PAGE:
Proper welding shoes are compliant with the American Society for Testing and Materials ASTM standards for Impact and Compression Resistance. This certification ensures that the boots are capable of protecting the user’s feet from falling objects that could easily crush toes.

These shoes are often paired with leather welding spats, which provide extra protection against sparks and splatter.

Fire Extinguisher

For both the beginner and expert, a fire extinguisher is a necessary accessory in the workshop for safety purposes. Accidents happen, and whether the issue was caused by operator error, arc instability, or even just a wayward splattering of metal, there are a number of unexpected ways a fire can start. 

A good old fashioned fire extinguisher is the best tool to prevent other flammable objects from starting a blaze that could endanger the operator or the workshop.

Welding Cart

A welding cart is necessary to carry around the welding gun and all the essential tools of the trade. It makes it possible to transfer equipment from one place to the other much easier than trying to move everything around individually. It is not only safer but saves a lot of time.

Vice Grips

Vice grips, as well as pliers, are necessary for handling metal that is too hot to touch. Welding gloves are not designed to hold superheated metal—just to protect the user from it momentarily.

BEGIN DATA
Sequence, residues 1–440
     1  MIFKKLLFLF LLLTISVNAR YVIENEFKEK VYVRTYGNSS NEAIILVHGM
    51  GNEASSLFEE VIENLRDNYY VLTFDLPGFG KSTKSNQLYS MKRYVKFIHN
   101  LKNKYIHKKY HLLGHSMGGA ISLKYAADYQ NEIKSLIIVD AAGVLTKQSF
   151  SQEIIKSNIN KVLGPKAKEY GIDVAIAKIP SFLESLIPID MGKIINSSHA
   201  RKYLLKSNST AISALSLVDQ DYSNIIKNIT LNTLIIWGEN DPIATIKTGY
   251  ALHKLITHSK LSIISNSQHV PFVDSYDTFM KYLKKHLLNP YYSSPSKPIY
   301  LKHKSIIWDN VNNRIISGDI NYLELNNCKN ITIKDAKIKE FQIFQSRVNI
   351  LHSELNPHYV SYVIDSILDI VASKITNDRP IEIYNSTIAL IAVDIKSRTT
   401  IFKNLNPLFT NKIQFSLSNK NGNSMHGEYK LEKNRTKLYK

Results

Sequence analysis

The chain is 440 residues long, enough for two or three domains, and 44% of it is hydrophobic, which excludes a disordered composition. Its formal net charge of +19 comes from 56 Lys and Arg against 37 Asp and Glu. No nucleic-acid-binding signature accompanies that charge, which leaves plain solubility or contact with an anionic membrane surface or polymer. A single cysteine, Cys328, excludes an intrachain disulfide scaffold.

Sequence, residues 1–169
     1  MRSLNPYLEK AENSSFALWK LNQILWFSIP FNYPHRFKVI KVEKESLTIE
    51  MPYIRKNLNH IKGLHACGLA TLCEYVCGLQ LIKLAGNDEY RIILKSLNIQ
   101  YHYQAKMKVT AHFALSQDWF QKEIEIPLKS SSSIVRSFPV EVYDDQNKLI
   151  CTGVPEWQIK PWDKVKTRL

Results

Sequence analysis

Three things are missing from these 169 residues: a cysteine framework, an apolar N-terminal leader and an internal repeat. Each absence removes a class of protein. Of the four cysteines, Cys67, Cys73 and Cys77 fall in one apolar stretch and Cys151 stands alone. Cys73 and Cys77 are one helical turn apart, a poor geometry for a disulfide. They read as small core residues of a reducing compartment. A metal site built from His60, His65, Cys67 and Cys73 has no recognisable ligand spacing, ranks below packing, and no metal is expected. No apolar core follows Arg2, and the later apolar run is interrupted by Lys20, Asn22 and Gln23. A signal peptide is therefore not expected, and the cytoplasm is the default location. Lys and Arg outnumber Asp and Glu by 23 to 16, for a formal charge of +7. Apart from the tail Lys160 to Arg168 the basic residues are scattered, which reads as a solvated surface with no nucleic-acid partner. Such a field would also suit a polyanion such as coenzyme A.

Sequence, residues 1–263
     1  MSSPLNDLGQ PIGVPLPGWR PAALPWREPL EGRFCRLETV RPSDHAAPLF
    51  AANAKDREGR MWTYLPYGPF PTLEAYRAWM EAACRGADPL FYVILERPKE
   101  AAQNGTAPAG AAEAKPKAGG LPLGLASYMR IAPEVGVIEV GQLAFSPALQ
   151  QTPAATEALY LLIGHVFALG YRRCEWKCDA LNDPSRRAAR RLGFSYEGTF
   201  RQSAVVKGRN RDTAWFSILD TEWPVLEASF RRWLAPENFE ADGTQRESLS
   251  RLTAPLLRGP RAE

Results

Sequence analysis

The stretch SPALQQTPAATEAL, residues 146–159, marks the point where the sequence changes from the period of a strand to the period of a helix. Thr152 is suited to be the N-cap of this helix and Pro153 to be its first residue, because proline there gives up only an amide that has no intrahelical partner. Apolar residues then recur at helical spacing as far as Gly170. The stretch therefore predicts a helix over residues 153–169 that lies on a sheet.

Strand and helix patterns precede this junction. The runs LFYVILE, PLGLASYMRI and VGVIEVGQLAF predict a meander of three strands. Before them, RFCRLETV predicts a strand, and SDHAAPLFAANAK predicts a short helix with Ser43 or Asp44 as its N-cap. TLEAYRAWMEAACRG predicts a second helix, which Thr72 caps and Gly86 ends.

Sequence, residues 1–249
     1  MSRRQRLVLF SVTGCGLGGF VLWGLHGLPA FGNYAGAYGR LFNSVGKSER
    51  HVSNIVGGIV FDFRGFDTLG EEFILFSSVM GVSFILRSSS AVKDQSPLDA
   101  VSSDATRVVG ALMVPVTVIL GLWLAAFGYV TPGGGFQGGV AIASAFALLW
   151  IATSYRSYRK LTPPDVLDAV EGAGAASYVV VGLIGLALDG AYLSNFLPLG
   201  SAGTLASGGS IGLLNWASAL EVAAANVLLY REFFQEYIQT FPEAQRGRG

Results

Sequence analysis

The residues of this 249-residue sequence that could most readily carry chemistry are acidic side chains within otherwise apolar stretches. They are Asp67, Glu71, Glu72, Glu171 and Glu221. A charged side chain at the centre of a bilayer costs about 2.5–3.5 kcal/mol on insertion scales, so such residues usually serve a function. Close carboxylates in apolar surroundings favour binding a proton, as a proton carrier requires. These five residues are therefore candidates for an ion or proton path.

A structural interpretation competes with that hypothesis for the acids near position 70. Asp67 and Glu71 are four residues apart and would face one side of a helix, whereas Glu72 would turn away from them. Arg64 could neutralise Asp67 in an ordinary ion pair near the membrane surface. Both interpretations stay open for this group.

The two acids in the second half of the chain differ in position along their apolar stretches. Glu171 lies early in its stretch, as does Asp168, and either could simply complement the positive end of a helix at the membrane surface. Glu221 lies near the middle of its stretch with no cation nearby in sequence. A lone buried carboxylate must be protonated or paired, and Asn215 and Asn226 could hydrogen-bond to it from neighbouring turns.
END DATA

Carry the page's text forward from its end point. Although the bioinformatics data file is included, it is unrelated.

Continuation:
As such, the vice grip is used both to clamp small pieces of metal together and transport hot metal where necessary.

Welding Magnets

Designed to hold the metal in place while it’s being welded, welding magnets are essential to any welding project. Welding magnets can secure ferrous objects of all shapes and sizes at different angles to make the welding process simpler, safer, and more efficient for the welder.


A lot of welding requires that objects be constructed at a 90-degree angle, which is where the square has merit. Used in woodworking, construction, and technical drawings as well, the square lets welders measure and position items at a 90-degree angle.


One of the primary tools of the trade, soapstone is useful in metalworking because it is heat-resistant, allowing the welder to mark where cuts need to be done and welds put in directly on the metal piece that is being joined. 

As such, soapstone often sees use in welding to mark locations for joins, welds, and cuts that need to be made on the project piece.

Angle Grinder

An angle grinder is a common tool used by welders to cut or polish the excess metal to smooth it out, much the same as a sander used on wood. The abrasive grinding discs are effective on a range of materials, but welders will often use an angle grinder to polish off their work after finishing a weld or to cut off excess material.

The Bottom Line

There are lots of essential tools used by welders to make their work environment safer, more efficient, and cleaner. Welding Supplies From IOC has all the equipment and protection needed for welders. 

Many accessories like a helmet, gloves, and flame-resistant jackets are essential pieces of gear that every welder needs to be safe, while others are used to clamp down on the workpiece, measure welds, and polish to create a finished product.